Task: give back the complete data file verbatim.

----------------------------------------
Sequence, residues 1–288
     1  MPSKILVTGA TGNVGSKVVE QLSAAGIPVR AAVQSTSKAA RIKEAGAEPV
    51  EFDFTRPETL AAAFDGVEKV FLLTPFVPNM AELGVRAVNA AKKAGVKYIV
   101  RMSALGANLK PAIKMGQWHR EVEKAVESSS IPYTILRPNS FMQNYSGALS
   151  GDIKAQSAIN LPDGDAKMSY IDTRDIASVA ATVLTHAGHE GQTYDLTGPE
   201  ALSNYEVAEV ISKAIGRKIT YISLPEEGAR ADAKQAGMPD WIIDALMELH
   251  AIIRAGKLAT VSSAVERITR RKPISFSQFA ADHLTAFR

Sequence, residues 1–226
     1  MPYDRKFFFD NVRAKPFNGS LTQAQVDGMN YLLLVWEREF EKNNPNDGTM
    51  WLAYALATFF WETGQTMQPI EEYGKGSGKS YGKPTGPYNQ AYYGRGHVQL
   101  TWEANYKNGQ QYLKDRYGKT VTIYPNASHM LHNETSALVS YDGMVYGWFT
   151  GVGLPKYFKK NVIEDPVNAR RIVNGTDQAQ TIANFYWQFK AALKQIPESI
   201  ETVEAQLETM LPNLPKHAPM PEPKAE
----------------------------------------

Sequence, residues 1–288
     1  MPSKILVTGA TGNVGSKVVE QLSAAGIPVR AAVQSTSKAA RIKEAGAEPV
    51  EFDFTRPETL AAAFDGVEKV FLLTPFVPNM AELGVRAVNA AKKAGVKYIV
   101  RMSALGANLK PAIKMGQWHR EVEKAVESSS IPYTILRPNS FMQNYSGALS
   151  GDIKAQSAIN LPDGDAKMSY IDTRDIASVA ATVLTHAGHE GQTYDLTGPE
   201  ALSNYEVAEV ISKAIGRKIT YISLPEEGAR ADAKQAGMPD WIIDALMELH
   251  AIIRAGKLAT VSSAVERITR RKPISFSQFA ADHLTAFR

Sequence, residues 1–226
     1  MPYDRKFFFD NVRAKPFNGS LTQAQVDGMN YLLLVWEREF EKNNPNDGTM
    51  WLAYALATFF WETGQTMQPI EEYGKGSGKS YGKPTGPYNQ AYYGRGHVQL
   101  TWEANYKNGQ QYLKDRYGKT VTIYPNASHM LHNETSALVS YDGMVYGWFT
   151  GVGLPKYFKK NVIEDPVNAR RIVNGTDQAQ TIANFYWQFK AALKQIPESI
   201  ETVEAQLETM LPNLPKHAPM PEPKAE